Brave – the Chromium-based privacy and openness-focused web browser company acquired “Tailcat” last year. This was a European open-source search engine, and now that it’s been rebranded as Brave Search, the team behind it is attempting to take on Google Search to provide a more user-centric experience than the tech giant.
The idea was to build a service from the ground up that would return search results for individuals without the targeted advertising or malicious algorithms often offered by corporations. You can read all about the team’s ambitions in their academic paper.
Now, Brave Browser itself has made the decision to nix Google Search as the default for finding information in place of Brave Search, and well, that’s a brave move. The CEO states that the default search engine being set to its own will dramatically increase adoption rates for those who use its browser. Additionally, the Web Discovery Project was also introduced, which lets users share specific data with the company without compromising their privacy. Essentially, this data would be anonymous and would lack any clear identifiers. It’s also completely optional.
I’ve tried Brave Search, and its proposition comes at a cost. I found it to be much less useful at autocomplete, correcting searches, and finding relevant information than Google. I suppose it will take time for the company to sort through these issues. For example, I’ve been wanting to try some delicious Korean hotteok, which is a pancake that’s often filled with nuts, brown sugar, and or syrup, but I forgot how to spell it because I’m an uncultured swine. Google would have caught that and fixed it for me, but with Brave, I had to know the exact spelling, and anything less brought up anything but food.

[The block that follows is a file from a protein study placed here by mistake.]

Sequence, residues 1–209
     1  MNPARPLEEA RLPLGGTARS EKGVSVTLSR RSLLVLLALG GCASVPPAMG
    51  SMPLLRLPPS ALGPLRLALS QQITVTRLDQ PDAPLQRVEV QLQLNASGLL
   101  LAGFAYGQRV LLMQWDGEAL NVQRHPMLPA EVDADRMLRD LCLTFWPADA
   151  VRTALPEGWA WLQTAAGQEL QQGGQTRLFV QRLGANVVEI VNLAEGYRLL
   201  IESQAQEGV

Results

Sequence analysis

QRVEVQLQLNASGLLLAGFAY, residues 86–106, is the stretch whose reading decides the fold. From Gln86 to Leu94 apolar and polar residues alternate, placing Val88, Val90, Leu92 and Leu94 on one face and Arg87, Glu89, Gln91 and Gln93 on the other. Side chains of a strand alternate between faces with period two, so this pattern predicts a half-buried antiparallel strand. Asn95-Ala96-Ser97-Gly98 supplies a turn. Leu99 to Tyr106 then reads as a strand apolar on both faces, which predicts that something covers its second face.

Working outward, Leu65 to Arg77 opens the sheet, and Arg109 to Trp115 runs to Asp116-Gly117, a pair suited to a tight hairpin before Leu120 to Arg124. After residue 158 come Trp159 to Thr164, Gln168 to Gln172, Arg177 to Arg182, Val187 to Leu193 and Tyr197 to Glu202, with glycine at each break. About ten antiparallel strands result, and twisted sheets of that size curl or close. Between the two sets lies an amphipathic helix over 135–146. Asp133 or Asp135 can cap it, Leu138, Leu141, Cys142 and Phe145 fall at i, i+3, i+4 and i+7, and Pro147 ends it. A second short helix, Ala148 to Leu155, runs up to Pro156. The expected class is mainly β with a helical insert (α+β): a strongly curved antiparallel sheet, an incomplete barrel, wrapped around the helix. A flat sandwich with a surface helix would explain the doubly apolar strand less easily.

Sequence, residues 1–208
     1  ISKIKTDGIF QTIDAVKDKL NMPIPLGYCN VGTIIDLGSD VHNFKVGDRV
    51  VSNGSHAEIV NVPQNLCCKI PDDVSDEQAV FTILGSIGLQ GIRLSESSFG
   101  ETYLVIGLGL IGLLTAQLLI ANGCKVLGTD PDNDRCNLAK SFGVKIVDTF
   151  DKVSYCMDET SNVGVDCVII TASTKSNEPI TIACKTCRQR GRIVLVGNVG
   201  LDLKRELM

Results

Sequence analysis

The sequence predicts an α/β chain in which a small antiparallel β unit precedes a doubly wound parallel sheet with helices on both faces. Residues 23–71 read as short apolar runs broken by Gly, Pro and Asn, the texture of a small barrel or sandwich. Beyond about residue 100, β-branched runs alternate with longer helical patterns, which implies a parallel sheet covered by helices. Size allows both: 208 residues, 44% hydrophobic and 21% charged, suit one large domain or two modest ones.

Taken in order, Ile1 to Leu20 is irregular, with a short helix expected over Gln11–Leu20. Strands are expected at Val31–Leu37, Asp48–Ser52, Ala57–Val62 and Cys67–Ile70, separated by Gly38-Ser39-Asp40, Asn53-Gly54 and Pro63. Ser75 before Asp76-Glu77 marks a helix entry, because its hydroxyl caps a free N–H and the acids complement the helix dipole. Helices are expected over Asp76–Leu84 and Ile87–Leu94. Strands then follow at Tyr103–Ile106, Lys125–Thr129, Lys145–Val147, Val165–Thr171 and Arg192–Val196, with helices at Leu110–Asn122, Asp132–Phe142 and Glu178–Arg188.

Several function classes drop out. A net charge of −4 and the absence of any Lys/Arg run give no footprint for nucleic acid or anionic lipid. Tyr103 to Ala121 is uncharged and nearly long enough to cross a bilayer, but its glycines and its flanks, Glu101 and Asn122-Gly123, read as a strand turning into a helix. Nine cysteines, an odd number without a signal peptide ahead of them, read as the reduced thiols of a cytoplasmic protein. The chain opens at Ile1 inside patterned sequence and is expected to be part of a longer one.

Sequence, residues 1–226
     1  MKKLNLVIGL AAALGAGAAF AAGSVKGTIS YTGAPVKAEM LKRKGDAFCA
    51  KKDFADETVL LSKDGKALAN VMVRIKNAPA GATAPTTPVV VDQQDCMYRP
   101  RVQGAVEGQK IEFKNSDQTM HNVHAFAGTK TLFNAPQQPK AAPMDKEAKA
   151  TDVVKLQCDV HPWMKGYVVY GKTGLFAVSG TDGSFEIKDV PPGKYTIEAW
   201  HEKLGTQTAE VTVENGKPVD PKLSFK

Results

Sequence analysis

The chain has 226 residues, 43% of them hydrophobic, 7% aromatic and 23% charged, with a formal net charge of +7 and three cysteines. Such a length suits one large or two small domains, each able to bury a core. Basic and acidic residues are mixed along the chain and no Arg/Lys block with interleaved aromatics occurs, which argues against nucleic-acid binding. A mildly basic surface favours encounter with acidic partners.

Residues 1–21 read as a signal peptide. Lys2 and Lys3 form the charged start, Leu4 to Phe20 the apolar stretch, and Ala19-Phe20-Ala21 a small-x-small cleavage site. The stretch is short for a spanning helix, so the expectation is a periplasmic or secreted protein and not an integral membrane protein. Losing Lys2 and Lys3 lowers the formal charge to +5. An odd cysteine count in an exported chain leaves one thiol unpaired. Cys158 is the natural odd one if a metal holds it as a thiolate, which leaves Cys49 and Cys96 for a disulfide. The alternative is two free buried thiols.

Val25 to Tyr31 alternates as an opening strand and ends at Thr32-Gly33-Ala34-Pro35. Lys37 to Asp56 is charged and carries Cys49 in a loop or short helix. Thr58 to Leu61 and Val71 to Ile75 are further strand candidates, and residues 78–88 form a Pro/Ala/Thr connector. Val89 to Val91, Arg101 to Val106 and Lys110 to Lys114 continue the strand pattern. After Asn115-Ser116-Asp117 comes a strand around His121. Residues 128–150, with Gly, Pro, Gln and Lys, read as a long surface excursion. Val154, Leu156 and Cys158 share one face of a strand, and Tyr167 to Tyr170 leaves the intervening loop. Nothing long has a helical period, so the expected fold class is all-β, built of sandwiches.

As Google continues to face scrutiny in the court over its advertising practices, more competitors like Brave are sure to crop up in an attempt to service users. Apple itself has allegedly been working on its own search engine to rival Google’s, but whether or not any of these will have staying power remains to be seen.
Google has been on the forefront of information technology for decades now, even going far beyond returning links and implementing artificial intelligence and machine learning to better understand the relationship between humans and computers. I need to do more research on Brave, but if any rival hopes to take on Google, they will have to do a lot better than to only return little blue links like Google did a decade ago.